In Harvest

Photograph:; parsnips  ©neil langan
Above: The earthy parsnip is a unexpectedly versatile spring treat.

Parsnips, a cream-colored root vegetable that bear a striking resemblance to the carrot, are popping up in farmer’s markets this time of year. That’s because there is no better time to be eating them than right now. While their peak season runs from fall through early spring, parsnips harvested post-winter, once the ground thaws, are candy-like. The winter frost converts the vegetable’s starches to sugars.

“Parsnips are a quiet carrot with a real beautiful layering of flavors,” says Chef Brian Lewis, owner of The Cottage in Westport. “I say ‘quiet’ because they are unassuming. They look like carrots, but there’s a clear sweetness to them.”

But sweetness is only one advantage. “Parsnips have a beautiful, pure flavor with a dense texture and you could work with them a lot,” he adds. “They have quite the versatility.”

When shopping, avoid large parsnips. Typically, they are woodier and tougher than small ones, which are sweet and tender. Also, avoid any tipped with lots of tiny, feathery threads. This indicates that they were grown without sufficient water and will burn easily when roasted. When you find good ones, stock up—parsnips keep well for weeks when stored properly.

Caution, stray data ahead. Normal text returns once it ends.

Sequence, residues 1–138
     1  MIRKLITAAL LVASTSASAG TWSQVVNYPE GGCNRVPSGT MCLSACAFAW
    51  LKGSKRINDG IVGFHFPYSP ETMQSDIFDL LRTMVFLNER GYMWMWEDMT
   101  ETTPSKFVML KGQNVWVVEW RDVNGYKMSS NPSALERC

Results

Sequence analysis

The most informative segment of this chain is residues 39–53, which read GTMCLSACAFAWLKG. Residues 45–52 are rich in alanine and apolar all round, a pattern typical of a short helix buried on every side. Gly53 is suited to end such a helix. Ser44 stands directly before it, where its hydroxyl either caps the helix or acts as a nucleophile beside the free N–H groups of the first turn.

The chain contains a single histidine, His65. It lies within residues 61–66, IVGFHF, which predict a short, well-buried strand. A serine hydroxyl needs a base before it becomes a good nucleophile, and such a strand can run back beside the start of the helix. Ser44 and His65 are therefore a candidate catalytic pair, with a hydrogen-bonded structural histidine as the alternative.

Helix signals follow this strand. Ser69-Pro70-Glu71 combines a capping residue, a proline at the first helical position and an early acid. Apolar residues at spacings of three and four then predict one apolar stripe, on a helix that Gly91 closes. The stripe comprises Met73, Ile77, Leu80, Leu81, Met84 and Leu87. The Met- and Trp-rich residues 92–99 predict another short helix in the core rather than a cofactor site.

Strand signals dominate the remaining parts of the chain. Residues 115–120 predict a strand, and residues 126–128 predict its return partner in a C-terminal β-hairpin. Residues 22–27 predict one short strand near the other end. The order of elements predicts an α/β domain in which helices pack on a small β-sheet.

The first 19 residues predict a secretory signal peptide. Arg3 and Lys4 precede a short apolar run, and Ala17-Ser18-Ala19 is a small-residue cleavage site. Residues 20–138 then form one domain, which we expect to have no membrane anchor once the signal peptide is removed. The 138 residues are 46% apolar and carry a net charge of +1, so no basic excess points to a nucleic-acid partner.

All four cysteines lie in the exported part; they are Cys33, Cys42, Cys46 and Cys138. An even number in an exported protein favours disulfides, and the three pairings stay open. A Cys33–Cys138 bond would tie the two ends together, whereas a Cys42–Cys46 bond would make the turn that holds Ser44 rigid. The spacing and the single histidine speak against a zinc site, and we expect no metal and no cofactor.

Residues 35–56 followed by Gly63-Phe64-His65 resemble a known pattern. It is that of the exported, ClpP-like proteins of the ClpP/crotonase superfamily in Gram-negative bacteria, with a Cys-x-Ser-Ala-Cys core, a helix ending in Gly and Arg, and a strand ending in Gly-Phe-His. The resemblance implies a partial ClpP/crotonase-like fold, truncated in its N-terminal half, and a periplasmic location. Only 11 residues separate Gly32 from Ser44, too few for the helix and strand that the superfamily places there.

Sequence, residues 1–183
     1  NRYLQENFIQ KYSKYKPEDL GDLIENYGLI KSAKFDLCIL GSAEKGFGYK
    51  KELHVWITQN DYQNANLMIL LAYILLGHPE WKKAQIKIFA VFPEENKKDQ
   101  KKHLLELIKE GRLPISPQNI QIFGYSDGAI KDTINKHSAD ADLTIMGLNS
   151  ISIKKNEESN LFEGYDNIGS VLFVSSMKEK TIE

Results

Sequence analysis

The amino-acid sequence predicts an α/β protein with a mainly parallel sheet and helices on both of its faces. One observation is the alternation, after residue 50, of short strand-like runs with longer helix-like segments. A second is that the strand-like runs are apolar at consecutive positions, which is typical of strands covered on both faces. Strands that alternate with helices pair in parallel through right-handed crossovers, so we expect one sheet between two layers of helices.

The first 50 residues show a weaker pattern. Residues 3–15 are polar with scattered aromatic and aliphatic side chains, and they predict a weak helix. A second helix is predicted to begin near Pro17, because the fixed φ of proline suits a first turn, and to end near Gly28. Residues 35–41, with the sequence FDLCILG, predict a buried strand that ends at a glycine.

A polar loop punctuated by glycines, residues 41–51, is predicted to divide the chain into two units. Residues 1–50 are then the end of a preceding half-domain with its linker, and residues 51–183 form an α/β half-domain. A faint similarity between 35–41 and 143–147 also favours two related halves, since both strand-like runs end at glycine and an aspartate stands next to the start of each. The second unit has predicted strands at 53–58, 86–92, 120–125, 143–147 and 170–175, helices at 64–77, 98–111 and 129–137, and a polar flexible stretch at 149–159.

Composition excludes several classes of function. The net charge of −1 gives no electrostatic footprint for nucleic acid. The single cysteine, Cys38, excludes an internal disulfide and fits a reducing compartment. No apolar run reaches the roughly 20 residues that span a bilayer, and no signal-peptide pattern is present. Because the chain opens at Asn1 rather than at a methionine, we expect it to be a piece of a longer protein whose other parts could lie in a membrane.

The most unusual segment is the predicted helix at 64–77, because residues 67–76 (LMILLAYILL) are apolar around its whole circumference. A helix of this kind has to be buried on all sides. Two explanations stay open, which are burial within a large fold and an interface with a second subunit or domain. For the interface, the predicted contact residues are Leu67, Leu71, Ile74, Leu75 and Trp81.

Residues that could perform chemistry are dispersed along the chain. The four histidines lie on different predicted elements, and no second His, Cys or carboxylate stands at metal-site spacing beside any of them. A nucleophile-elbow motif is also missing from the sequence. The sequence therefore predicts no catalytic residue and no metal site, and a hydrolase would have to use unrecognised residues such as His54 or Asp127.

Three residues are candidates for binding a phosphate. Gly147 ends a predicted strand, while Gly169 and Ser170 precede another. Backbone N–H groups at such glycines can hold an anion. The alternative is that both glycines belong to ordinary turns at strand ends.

CHEF BRIAN LEWIS offers three tips for parsnips

Chef Brian suggests introducing parsnips in a Shepherd’s Pie by layering the braised meat with a parsnip purée instead of a potato one. Speaking as a dad, he says, “I have young boys, so parsnip purée would be a beautiful introduction to gourmet food.”

Parsnips can be roasted, puréed, sautéed or fried. However, be warned, says Chef Brian. “There’s so much sugar in parsnips that you have to be careful not to burn them.” When frying them, in particular, make sure to keep the oil lower than 325 degrees and take them out as soon as they are amber brown.

When preparing parsnips, Chef Brian suggests adding layers to the sweet base with flavors like vanilla and cinnamon. “I tend to have a sweet tooth, even in savory cooking, so it’s a nice challenge to lift it from one-dimension of sweetness and add more layers with acids, crunch, aromatics and nuts.”